Lawmakers at odds over NCLB’s successor

Harkin’s proposal also includes protections from bullying for gay students.

The one-size-fits-all national requirements of No Child Left Behind would give way to standards that states write for themselves under legislation introduced by senators of both parties last week, with one key difference: The Republican version of the bill would eliminate the Education Department’s role in overseeing the standards and give governors the final say.

In stark contrast, the Democrats’ version would mirror the NCLB waiver process already in place. As of press time, 37 states have received waivers to NCLB’s requirements in exchange for customized school improvement plans.

Introduced June 4, a 1,150-page proposal from Senate education committee chairman Tom Harkin, D-Iowa, would require some of those states to tinker with their improvement plans and force the other remaining states to develop their own reform efforts. Education Secretary Arne Duncan still would have final say over those improvement plans, and schools still would have to measure students’ achievements.

Buried on page 694 of the legislation, Harkin’s proposal also includes protections for gay students. Schools that don’t take stern measures against bullying or discrimination against gays or lesbians would see their federal funding cut. Democrats likened the measure to Title IX, which forced schools to provide equal opportunities for female athletes under threat of penalty.

Sen. Lamar Alexander, the top Republican on the Senate education panel and a former education secretary himself, on June 6 rolled out the GOP’s version of NCLB renewal. Like the Democratic version, the Republican version includes provisions that let states write school improvement plans and scrap one-size-fits-all national requirements; however, it explicitly says Washington should have no role in what students learn.

(Next page: More details about the competing proposals)

In an interview with The Associated Press, Alexander said he wants to stop the federal government from deciding which schools and teachers are succeeding and which are failing. He says governors know better than education secretaries what works.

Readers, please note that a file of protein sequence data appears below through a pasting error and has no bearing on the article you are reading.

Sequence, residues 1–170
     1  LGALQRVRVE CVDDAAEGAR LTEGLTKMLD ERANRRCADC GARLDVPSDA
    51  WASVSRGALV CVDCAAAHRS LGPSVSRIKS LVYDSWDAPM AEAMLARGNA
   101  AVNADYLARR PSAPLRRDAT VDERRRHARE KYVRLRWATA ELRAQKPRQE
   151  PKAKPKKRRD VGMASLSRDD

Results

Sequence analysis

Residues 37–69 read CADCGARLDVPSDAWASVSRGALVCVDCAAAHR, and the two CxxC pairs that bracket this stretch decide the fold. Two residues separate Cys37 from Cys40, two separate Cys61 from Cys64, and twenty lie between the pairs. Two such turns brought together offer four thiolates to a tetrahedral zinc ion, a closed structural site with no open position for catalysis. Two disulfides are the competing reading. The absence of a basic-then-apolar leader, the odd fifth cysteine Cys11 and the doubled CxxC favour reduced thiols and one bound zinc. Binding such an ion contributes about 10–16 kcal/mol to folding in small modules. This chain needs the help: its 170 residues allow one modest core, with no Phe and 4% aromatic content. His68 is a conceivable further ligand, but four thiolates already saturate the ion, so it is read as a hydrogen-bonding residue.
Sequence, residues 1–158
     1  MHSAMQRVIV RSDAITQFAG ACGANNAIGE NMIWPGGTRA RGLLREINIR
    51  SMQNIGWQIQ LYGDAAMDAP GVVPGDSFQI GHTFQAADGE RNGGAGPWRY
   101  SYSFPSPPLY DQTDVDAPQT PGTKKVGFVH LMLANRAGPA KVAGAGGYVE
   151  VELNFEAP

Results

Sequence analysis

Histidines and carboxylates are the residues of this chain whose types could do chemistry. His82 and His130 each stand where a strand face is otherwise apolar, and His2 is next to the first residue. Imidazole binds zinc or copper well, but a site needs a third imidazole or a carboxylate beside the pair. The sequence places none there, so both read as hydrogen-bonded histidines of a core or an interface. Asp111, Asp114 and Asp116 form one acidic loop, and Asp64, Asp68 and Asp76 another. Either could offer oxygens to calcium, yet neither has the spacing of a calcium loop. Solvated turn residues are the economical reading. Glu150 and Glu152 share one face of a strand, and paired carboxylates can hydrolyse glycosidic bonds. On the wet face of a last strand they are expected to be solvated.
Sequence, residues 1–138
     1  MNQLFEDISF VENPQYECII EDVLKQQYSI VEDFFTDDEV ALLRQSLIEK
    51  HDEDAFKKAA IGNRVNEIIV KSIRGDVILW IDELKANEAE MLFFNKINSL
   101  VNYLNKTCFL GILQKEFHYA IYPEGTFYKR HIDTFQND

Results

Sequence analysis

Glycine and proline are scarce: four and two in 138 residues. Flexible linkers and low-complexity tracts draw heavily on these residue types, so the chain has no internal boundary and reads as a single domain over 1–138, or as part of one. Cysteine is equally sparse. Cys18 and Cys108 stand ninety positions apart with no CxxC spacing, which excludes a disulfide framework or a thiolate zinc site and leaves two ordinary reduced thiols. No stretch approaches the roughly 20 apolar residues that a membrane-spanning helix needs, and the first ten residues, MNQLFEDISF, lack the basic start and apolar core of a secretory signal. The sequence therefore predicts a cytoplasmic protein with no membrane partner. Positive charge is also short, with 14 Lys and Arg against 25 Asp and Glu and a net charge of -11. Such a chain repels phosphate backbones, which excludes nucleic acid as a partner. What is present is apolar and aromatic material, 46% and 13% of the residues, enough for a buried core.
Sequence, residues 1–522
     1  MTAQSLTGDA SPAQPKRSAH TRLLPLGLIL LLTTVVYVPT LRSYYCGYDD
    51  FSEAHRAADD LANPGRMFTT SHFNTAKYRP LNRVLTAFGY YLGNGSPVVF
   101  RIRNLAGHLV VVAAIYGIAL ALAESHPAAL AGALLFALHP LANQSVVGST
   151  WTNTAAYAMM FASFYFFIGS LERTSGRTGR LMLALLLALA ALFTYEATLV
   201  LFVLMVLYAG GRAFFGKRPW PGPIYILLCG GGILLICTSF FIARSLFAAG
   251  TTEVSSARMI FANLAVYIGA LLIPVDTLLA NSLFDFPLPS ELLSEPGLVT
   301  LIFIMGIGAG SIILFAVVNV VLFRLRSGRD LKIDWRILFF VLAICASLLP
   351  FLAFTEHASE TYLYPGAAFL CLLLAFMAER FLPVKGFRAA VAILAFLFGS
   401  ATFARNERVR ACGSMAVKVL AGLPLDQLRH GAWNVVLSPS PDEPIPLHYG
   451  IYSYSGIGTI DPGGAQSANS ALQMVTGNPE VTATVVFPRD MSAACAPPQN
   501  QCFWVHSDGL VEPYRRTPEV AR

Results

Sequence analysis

With both sides gearing up for a fight over NCLB reauthorization this summer, a separate legislative wrangle over student loans is certain to get higher priority. Interest rates on new subsidized Stafford loans are set to double on July 1 without congressional action. Competing versions of legislation to avoid that hike on students were making their way through the House and Senate as of press time.

The sweeping Elementary and Secondary Education Act, known since the Bush era as NCLB, governs all schools that receive federal dollars for poor, minority, disabled, and students whose primary language is not English. Harkin’s version of the reauthorization would eliminate 20 programs while encouraging states to expand art, physical education, and pre-kindergarten programs.

In exchange for those federal dollars, schools would have to meet certain standards—previously set by Washington but increasingly dictated by state capitols.

The nation’s largest teacher union, the National Education Association, applauded lawmakers for taking up changes to what it called a “flawed law” but urged them not to add importance to testing.

And the American Federation of Teachers chief Randi Weingarten called Harkin’s bill “a good first step.”

“The bill requires a variety of measures to evaluate teachers, rather than making test scores the be-all and end-all,” she said.

But that does not mean schools would be off the hook for measuring students’ achievements. Students still would be tested in reading and math each year from third to eighth grades, as well as once in high school. Schools also would have to measure students’ aptitude in science at least three times between third grade and graduation.

See also:

ED considering district-by-district NCLB waivers

Viewpoint: How we should improve on NCLB

But those tests could be combined with student portfolios or projects, an effort to win over the law’s critics who said too much emphasis was placed on testing.

The proposal also requires schools to share detailed performance reports with parents.

Duncan has pushed Congress to update the law to accommodate challenges officials did not anticipate when the measure was passed on a bipartisan basis in 2001. But absent congressional action, Duncan has been giving states permission to ignore parts of the law that are unworkable in exchange for detailed school improvement plans.

Already, 37 states and the District of Columbia have been given such waivers. Alabama, Illinois, Iowa, Maine, New Hampshire, Pennsylvania, Texas, and Wyoming are still waiting to hear about their applications, along with a coalition of California districts.

In a memo circulating on Capitol Hill and among education advocates, Harkin’s Senate Health, Education, Labor, and Pension Committee acknowledges criticism of NCLB’s requirements as “setting inflexible benchmarks without considering the different needs of schools and without recognizing student progress.”

Sign up for our K-12 newsletter

Newsletter: Innovations in K12 Education
By submitting your information, you agree to our Terms & Conditions and Privacy Policy.

Want to share a great resource? Let us know at

eSchool News uses cookies to improve your experience. Visit our Privacy Policy for more information.